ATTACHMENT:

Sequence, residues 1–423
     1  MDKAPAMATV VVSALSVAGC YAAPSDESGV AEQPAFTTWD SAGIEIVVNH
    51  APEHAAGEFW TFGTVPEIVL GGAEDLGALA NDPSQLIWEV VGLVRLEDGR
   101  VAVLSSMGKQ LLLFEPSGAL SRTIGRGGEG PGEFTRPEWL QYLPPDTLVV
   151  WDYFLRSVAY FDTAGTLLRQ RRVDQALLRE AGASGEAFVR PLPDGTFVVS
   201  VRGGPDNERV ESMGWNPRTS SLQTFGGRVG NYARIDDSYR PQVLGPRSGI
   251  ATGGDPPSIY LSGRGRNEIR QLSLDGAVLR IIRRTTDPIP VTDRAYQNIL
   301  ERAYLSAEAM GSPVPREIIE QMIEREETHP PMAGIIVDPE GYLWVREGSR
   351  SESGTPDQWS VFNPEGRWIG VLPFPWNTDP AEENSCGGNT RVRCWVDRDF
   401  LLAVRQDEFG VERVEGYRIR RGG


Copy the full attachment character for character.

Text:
Sequence, residues 1–423
     1  MDKAPAMATV VVSALSVAGC YAAPSDESGV AEQPAFTTWD SAGIEIVVNH
    51  APEHAAGEFW TFGTVPEIVL GGAEDLGALA NDPSQLIWEV VGLVRLEDGR
   101  VAVLSSMGKQ LLLFEPSGAL SRTIGRGGEG PGEFTRPEWL QYLPPDTLVV
   151  WDYFLRSVAY FDTAGTLLRQ RRVDQALLRE AGASGEAFVR PLPDGTFVVS
   201  VRGGPDNERV ESMGWNPRTS SLQTFGGRVG NYARIDDSYR PQVLGPRSGI
   251  ATGGDPPSIY LSGRGRNEIR QLSLDGAVLR IIRRTTDPIP VTDRAYQNIL
   301  ERAYLSAEAM GSPVPREIIE QMIEREETHP PMAGIIVDPE GYLWVREGSR
   351  SESGTPDQWS VFNPEGRWIG VLPFPWNTDP AEENSCGGNT RVRCWVDRDF
   401  LLAVRQDEFG VERVEGYRIR RGG